And scientists at Sanford-Burnham Medical Research Institutemay have found one such method.
A team of researchers led by Dr. Michiko Fukudaexperimented with coupling a cancer drug to a small protein specificallyattracted to the blood vessels that feed tumors, known as IF7. When tested in amouse model with human colon cancer, IF7 was seen to carry the drug directly totumors, suppressing growth at a low dosage with no apparent side effects. Theresults of the study were published the week of Nov. 21 in the Proceedings of the National Academy ofSciences.
"We can cure terminal stage mice with very large tumorswithout any side effects simply by giving them this drug coupled with IF7,"Fukuda, a professor in Sanford-Burnham's National Cancer Institute-designatedCancer Center and corresponding author of the study, said in a news release.
In the study, entitled "Targeted drug delivery to tumorvasculature by a carbohydrate mimetic peptide," the Sanford-Burnham teamcoupled IF7 with a fluorescent probe, then administered it to mice with humancolon tumors. The probe was shown to light up the tumors within minutes. Theythen coupled IF7 with SN-38, an anti-cancer drug, and engineered the tumors toglow, allowing them to see that tumors in the mice that received IF7 shrankdramatically, while remaining unchanged in mock-treated mice. Thanks to thetargeting ability of IF7, only one-seventh the amount of SN-38 used in aprevious study to treat mouse tumors was used in this study, and blood testsshowed no signs of side effects in the treated mice.
Fukuda says that in termsof dosage reductions (compared to current treatments), "Our study with mousecolon tumor models showed 1/4.6 reduction to large tumors, and 1/36.8 reductionto small tumors."
Every cell in the body is covered with carbohydrates, which,along with the proteins that bind them, are pivotal in a multitude of cellularprocesses, including tumor formation and metastasis. Working with IF7 and otherpeptides, collections of short proteins, allowed the researchers to work aroundthe difficulties related to synthesizing carbohydrates in the lab in pursuit offinding something capable of mimicking carbohydrates and inhibitingcarbohydrate-dependent metastasis.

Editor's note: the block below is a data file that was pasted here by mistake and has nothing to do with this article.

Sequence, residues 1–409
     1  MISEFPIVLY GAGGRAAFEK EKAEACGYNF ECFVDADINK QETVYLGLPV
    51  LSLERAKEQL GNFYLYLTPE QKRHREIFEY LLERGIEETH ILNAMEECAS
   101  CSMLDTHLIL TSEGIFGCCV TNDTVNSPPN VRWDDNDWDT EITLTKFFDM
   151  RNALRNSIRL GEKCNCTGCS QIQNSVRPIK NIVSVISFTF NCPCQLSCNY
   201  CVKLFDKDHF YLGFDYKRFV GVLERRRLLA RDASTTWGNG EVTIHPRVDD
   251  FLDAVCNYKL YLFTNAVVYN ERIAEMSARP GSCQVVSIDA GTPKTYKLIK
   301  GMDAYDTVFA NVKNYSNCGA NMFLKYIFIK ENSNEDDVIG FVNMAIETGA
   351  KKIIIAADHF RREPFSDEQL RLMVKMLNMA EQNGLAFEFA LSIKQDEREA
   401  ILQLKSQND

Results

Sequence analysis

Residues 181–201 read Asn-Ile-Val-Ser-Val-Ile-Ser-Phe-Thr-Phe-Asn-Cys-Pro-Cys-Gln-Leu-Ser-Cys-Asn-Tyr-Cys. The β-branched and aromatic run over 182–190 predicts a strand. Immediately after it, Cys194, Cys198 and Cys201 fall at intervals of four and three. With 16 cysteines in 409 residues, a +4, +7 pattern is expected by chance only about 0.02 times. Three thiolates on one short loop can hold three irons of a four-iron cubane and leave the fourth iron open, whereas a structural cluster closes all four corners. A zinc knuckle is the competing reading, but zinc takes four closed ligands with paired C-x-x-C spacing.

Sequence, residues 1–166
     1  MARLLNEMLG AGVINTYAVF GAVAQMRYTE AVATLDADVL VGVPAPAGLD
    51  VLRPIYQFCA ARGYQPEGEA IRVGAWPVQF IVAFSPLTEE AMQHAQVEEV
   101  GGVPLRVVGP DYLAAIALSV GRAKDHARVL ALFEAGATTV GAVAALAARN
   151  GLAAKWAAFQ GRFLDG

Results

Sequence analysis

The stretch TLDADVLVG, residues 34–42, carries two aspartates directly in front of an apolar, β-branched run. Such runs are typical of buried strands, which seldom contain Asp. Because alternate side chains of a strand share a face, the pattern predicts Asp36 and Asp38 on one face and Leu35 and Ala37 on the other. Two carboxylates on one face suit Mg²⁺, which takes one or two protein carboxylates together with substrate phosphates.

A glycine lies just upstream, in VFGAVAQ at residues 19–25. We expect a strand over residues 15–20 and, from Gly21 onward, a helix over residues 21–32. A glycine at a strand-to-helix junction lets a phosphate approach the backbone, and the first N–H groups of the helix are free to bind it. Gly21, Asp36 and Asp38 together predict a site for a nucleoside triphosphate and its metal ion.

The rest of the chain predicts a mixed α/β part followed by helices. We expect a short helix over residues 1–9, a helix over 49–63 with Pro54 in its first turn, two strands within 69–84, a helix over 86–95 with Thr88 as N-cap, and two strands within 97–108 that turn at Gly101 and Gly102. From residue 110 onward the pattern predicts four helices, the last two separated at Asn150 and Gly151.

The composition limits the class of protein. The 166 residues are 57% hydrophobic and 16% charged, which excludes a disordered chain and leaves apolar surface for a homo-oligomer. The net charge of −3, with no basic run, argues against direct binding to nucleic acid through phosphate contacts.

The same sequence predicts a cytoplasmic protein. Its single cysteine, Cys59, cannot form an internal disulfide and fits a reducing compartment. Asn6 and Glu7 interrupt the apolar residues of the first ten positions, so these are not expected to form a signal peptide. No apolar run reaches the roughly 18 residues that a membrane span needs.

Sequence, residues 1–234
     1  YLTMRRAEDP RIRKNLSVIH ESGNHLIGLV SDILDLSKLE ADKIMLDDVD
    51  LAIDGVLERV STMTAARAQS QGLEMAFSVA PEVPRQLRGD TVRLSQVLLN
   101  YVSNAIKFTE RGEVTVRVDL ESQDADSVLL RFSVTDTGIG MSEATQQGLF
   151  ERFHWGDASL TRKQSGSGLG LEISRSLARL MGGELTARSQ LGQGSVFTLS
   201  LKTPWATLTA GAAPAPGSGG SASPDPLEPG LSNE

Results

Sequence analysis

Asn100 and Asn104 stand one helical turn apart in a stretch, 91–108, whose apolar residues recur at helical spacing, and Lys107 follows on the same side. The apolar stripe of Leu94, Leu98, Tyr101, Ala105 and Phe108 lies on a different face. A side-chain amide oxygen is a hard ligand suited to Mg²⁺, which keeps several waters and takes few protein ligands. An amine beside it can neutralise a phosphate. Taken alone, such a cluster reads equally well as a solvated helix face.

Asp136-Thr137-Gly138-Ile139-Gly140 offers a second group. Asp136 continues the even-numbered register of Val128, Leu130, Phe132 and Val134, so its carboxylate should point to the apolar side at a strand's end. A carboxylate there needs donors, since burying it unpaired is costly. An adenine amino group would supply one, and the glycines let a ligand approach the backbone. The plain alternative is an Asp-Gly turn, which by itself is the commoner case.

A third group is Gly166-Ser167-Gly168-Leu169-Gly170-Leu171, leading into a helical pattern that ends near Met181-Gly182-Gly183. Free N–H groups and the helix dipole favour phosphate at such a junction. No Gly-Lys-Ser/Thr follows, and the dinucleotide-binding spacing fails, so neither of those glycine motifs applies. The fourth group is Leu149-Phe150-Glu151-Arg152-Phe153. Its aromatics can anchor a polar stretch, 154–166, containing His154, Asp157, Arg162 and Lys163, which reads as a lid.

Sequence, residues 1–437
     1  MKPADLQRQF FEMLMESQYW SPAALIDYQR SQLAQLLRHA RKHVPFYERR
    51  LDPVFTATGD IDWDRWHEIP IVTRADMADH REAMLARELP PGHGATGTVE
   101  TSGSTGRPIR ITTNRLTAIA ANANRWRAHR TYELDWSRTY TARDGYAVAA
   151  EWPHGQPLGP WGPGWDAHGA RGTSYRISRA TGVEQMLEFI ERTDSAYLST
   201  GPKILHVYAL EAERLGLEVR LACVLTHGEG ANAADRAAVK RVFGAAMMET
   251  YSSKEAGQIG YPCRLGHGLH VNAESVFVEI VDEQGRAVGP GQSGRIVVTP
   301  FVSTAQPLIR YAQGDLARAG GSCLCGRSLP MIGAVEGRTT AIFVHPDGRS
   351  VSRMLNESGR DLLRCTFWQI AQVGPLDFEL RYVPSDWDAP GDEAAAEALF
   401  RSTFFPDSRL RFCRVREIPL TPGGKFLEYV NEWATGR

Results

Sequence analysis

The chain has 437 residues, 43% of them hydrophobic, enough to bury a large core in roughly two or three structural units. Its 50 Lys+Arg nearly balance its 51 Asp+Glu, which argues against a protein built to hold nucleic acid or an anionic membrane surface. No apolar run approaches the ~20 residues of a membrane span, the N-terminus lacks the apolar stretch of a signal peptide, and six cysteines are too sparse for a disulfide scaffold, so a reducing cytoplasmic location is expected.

The peptide works by binding annexin 1, acarbohydrate-binding protein found in high levels on the surfaces of bloodvessels that nourish tumors. Fukuda notes that, "Dr. Jan Schnitzer's groupworked on this issue extensively. Their study showed annexin 1 is specificallyexpressed on endothelial cell surface in many tumor types, not limited tocertain kinds," implying that IF7 could be effective in the treatment ofseveral types of cancer.
"In our previous studies on carbohydrate mimetic peptides,we identified 10 phage clones each displaying unique carbohydrate mimeticpeptide," says Fukuda. "One of the peptides designated as I-peptide bound to afragment of annexin 1 in the lung. Phageclone displaying IF7 sequence was the only clone [that] preferentially targetstumor over lung in vivo in themouse."
Dr. Minoru Fukuda, a professor in Sanford-Burnham'sCancer Center and co-author of the study, noted in a news release that,"Although we tested colon tumors in this study, theoretically any tumor thatinduces expression of annexin 1 in blood vessels would work with this system—itjust depends on what kind of drug it's paired with."
The National Cancer Institute, the U.S. Department of Defense andSusan G. Komen for the Cure funded this study. Co-authors include, in additionto Michiko Fukuda and Minoru Fukuda, Shingo Hatakeyama, Toshiaki K. Shibata,Tomoya O. Akama, Naoaki Tamura, Shuk-Man Wong, Andrey A. Bobkov and YutakaTakano of Sanford-Burnham; Kazuhiro Sugihara, of Hamamatsu University School ofMedicine; Jun Nakayama of Shinshu University Graduate School of Medicine; andChikara Ohyama of Hirosaki University School of Medicine.